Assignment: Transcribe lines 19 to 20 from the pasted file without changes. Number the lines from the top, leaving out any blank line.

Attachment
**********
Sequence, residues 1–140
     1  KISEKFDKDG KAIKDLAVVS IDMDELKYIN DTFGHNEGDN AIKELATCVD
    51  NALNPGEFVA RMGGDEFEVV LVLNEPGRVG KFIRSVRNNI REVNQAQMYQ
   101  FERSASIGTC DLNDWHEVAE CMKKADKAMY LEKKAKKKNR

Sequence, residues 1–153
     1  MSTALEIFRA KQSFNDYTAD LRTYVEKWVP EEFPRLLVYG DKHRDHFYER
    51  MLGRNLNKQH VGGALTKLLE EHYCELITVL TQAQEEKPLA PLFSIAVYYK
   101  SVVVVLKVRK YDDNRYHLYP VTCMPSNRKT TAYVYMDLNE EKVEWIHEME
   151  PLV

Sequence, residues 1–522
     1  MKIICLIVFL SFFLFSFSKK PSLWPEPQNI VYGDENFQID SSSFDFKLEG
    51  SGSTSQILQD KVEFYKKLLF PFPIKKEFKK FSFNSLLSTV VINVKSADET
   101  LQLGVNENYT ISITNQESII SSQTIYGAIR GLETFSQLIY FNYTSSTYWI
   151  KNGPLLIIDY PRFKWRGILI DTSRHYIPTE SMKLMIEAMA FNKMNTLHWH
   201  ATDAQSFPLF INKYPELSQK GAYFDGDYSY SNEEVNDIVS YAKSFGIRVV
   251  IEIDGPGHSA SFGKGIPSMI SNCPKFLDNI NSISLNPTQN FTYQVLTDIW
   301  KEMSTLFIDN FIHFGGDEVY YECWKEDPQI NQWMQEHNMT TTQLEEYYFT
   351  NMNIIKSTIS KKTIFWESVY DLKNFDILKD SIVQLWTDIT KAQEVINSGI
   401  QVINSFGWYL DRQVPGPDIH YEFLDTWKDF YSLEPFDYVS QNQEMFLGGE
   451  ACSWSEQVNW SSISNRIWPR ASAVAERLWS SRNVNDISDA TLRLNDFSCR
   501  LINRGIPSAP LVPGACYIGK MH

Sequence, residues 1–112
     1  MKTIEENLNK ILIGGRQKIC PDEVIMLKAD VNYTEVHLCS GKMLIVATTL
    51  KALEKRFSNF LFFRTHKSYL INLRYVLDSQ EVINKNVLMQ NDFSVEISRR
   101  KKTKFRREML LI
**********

   401  QVINSFGWYL DRQVPGPDIH YEFLDTWKDF YSLEPFDYVS QNQEMFLGGE
   451  ACSWSEQVNW SSISNRIWPR ASAVAERLWS SRNVNDISDA TLRLNDFSCR